This is based on the premise that we have achieved reproductive justice. With several birth control options widely available, the decriminalization of abortion, and sex education required by provincial curricula, those downplaying the relevance of feminism argue that victory was achieved in the fight for reproductive rights. This argument that we live in a “post feminist society” stems from a lack of understanding, or misunderstanding, of feminism and reproductive rights. The misconception that reproductive rights have been achieved is concerning, as it encourages society to ignore the social barriers and the issues of access that remain prevalent today.
Ugh, that condescending attitude. If you think we don't need feminism, it's because you don't really understand reproductive rights.
There are barriers, see.
And what is the barrier she underscores in her article?
That's right. Trying to exercise your parental control in what your kid learns about sex, and whether they should have sex at all is a bad thing.
And I have a question here: what exactly is the inequality being addressed here? That teen boys can have sex with "impunity" [nevermind STD's!] but girls can't? Is that the inequality being fought?
Like "that's not fair!"
It's not fair that girls can't be as promiscuous as boys!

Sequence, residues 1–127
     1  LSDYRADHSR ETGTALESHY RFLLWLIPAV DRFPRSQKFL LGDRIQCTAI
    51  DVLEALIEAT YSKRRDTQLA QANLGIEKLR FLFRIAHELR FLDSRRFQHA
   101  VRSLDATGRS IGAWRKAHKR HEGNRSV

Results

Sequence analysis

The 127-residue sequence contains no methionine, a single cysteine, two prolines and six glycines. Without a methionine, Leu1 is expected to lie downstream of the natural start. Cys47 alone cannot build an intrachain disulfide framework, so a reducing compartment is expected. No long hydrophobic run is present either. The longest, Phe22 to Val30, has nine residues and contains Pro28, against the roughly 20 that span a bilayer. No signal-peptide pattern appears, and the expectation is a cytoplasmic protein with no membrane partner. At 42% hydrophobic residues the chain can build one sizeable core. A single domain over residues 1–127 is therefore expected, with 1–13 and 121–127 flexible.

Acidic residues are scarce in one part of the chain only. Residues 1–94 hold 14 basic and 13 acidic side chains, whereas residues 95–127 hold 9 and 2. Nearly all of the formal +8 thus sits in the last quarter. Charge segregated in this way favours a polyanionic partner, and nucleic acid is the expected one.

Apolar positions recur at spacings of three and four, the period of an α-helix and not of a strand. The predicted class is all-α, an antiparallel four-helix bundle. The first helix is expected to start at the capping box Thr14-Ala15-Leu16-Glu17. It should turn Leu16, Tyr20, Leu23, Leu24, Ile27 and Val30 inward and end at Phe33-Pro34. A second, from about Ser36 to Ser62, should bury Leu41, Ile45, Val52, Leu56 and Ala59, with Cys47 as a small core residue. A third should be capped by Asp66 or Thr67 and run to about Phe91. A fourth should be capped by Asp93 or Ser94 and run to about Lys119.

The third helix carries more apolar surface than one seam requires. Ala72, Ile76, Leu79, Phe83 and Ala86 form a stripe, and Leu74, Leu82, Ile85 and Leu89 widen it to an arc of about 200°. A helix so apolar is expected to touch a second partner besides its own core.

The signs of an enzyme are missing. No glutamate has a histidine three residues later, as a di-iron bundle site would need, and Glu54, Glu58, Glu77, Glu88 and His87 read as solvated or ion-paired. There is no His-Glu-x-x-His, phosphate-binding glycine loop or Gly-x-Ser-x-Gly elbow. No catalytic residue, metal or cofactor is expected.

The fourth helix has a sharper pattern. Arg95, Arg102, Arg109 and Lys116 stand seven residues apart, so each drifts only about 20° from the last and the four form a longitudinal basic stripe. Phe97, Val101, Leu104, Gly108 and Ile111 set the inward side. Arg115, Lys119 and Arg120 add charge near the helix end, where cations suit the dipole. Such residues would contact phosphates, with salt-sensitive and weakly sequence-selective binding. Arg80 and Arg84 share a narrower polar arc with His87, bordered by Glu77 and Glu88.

And it's not fair they are "slut-shamed" with blogposts like this one.
Oh the humanity!
Check out the tone of the article:
The 1974 controversy around the LBCIC [Lethbridge Birth Control and Information Centre], therefore, reflects larger intergenerational conflicts around premarital sex, birth control use, and youth’s access to abortion, ultimately symptomatic of moral panic around the family and hierarchies of power within the family unit prevalent nationally and internationally in the 1970s.
Note the phraseology: "moral panic".
Caring about the fall out from sexual activity is "moral panic".
"Hierarchies of power". As if parental authority were oppressive.
Adult control over youth’s sexuality remains today despite the 1973 creation of CALM and the establishment of mandatory sex education in the Alberta curriculum. For example, the program remains the prerogative of the parents who decide whether or not their children are allowed to participate.Yeah, and that's horrible!
It's interesting because, there's no attempt to see whether the people pushing contraception and sexual education ever succeeded in their aims.
A cursory examination of historical abortion stats in Alberta seems it has been a failure.
In 1974, there were 4300 abortions in Alberta. In 2010, there 12 400 abortions.
In 1985, the abortion rate per woman was 13.1. Today the rate is 19.7
If access to contraception was the ready solution to unwanted pregnancy, we'd have solved the problem by now.
Of course it's not the answer.
Because contraception fails.
Because people forget to use contraception.
Because people live under the illusion that if they use contraception, they can't pregnant.
All over the western world, even in the most progressive countries, abortion and STD's are a major problem
Well yeah, but in progressive countries, there is a lower abortion rate.
Even if I were to grant that point, in the end, they have not made a real dent in unwanted pregnancy rates and abortion.
Even in a place like the Netherlands, which has a relatively low abortion rate, the abortion rate went from 3.7 in 1970 to 8.5 in 2012.
This is a solution?
A real solution would reduce the problem by at least half.
And nothing has.
But for leftists, results often don't matter. Ideology trumps facts.